“After dark, we saw several fires burning on the land but didn’t take much notice. We had the Faughs HQ on board and we heard that we were going to land first. We sailed slowly into a tiny harbour and nosed up to the quay. There didn’t seem to be anybody about but the Faughs got off and disappeared into the town and we got off and collected ourselves at the head of the quay. Next thing, there was a hell of a bang just over the end of the pier. Somebody was shelling it. Desmond McCaldin (OC D Coy) went off to find out what was happening and we directed the next couple of LCIs in as there was nobody else. Meanwhile the odd shell kept falling, dropping just a little bit away in the sea. It can’t have been very pleasant for the other LCIs cruising about waiting to come in. These two also contained Faughs who disappeared into the town. While we were still wondering what was going on, a Commando Officer turned up and told us the situation: 36 Brigade and S Coy of the Skins, who had come up by road in the carriers had been holding a line north of the town and Jerry had counterattacked, so that at the moment, things were pretty sticky. We spent the next half hour expecting to see a German head poking over the wall. We knew we were all right from the shelling as there was a high cliff and we were at the bottom of it.

Eventually the rest of the Skins got in and the CO went off to get orders. It was not long before we were on the move through the town; there was not a soul to be seen and there was not a light or sign of civilian habitation. It was the most deserted place I had ever seen. The moon was shining and gave a weird effect. We stopped at the far end of the town; it was not a very big place. I had to look over a house with a view to getting my platoon into a defensive position. I had no torch and didn’t like the job as there might have been the odd Jerry there. I did the best I could with the help of my Platoon Sergeant and a few matches and even that was chancy as we couldn’t show a light outside. Having finished my recce of that house, I was preparing to move the men in, when the CO told me to occupy a very big block of flats the other side of the railway. He said to break open any door we wanted. I divided up the building between the sections and told the section commanders to get cracking. There was a most frightful noise for a few minutes as each flat was locked and the doors had Yale type locks. The rifle butts soon fixed them. It was a job then to find anybody as the sections were spread over four floors and goodness knows how many flats. It was still dark, so I spent the rest of the night going around falling over beds etc while trying to keep in touch. When the dawn came, there was some machine gun fire not far away but we couldn’t tell what was happening. The transport arrived with breakfast and the cooks got to work behind the building. There was also some mail that had come up and Desmond and I were just opening ours when Jerry decided to dive bomb us. He dropped two near the building, but did no damage.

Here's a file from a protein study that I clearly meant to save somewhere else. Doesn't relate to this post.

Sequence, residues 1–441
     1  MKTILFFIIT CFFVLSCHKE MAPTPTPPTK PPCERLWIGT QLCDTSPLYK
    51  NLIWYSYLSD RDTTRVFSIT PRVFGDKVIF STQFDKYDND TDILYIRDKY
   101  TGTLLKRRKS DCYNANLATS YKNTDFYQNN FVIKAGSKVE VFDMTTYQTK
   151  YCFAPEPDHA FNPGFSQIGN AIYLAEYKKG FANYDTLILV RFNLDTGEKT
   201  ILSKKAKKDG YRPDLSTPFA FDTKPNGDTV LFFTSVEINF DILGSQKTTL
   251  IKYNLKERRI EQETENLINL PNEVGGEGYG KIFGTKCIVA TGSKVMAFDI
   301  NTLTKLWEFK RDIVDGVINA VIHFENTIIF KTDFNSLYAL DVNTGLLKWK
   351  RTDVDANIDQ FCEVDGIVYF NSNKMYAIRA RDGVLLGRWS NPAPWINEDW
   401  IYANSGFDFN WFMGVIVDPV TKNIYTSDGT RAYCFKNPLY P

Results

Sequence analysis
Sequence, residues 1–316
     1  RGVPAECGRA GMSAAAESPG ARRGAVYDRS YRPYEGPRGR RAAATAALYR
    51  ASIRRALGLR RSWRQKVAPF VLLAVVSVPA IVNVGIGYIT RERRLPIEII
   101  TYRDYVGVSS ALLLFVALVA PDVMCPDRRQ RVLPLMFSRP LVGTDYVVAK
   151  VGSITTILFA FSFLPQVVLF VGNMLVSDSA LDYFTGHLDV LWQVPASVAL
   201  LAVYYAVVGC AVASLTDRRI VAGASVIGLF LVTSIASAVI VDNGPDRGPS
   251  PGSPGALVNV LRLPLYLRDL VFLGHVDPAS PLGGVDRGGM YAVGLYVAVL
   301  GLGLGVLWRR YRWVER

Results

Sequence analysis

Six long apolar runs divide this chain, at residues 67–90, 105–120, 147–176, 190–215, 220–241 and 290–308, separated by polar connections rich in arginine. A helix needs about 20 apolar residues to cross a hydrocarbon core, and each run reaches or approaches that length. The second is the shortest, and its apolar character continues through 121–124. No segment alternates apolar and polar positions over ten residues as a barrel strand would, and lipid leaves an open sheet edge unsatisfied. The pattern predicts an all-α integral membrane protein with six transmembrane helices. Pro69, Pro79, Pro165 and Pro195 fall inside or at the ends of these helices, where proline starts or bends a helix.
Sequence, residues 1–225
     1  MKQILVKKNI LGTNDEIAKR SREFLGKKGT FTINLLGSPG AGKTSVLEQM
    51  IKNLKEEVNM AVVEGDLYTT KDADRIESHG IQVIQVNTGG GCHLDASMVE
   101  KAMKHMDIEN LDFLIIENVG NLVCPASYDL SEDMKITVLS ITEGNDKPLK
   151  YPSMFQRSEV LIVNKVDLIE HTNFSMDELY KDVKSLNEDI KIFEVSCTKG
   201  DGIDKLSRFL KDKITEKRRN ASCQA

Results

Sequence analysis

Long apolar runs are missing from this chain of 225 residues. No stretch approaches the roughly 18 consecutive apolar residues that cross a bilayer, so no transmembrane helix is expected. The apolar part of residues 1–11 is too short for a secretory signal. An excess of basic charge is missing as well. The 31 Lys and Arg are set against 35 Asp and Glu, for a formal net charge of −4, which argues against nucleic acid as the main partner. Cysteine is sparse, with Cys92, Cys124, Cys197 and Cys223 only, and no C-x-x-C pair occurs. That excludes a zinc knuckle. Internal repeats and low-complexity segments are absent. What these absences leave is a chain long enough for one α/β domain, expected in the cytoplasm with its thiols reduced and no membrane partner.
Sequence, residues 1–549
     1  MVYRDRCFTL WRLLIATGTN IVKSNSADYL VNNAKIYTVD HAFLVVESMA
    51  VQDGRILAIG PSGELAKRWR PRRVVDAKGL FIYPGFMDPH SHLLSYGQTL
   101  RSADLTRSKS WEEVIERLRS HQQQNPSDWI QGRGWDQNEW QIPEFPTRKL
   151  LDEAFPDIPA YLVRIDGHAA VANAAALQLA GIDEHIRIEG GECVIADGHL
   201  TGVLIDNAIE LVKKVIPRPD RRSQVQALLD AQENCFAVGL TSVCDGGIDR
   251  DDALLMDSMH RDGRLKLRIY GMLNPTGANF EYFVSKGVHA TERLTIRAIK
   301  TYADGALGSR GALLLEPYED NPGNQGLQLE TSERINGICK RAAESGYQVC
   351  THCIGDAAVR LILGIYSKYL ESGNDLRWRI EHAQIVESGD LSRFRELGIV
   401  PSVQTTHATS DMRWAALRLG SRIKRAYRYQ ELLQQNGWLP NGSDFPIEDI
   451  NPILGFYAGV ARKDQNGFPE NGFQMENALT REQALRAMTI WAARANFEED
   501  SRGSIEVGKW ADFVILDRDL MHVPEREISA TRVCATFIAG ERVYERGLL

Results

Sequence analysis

The Bttn got orders to advance and called an O Group. We found that we were advancing as a brigade to a ridge we could see in the distance, with the Faughs on the right heading for the chimney of a brickworks we could see and were to have tanks with them and we were to keep on their left. D was the third company up, so were to just follow on. We wound after the leading companies and stopped on a hill, and we had almost a bird’s eye view of the battle between the Faughs and their tanks and a few Jerry tanks. Then we got onto a flat piece of country ourselves and soon realised that Jerry must have something on our left. The leading companies got pinned down and Desmond went forward to see what was happening and was very nearly hit; the chap, who was lying beside him, between him and a third fellow, was hit by an explosive shell of some kind.”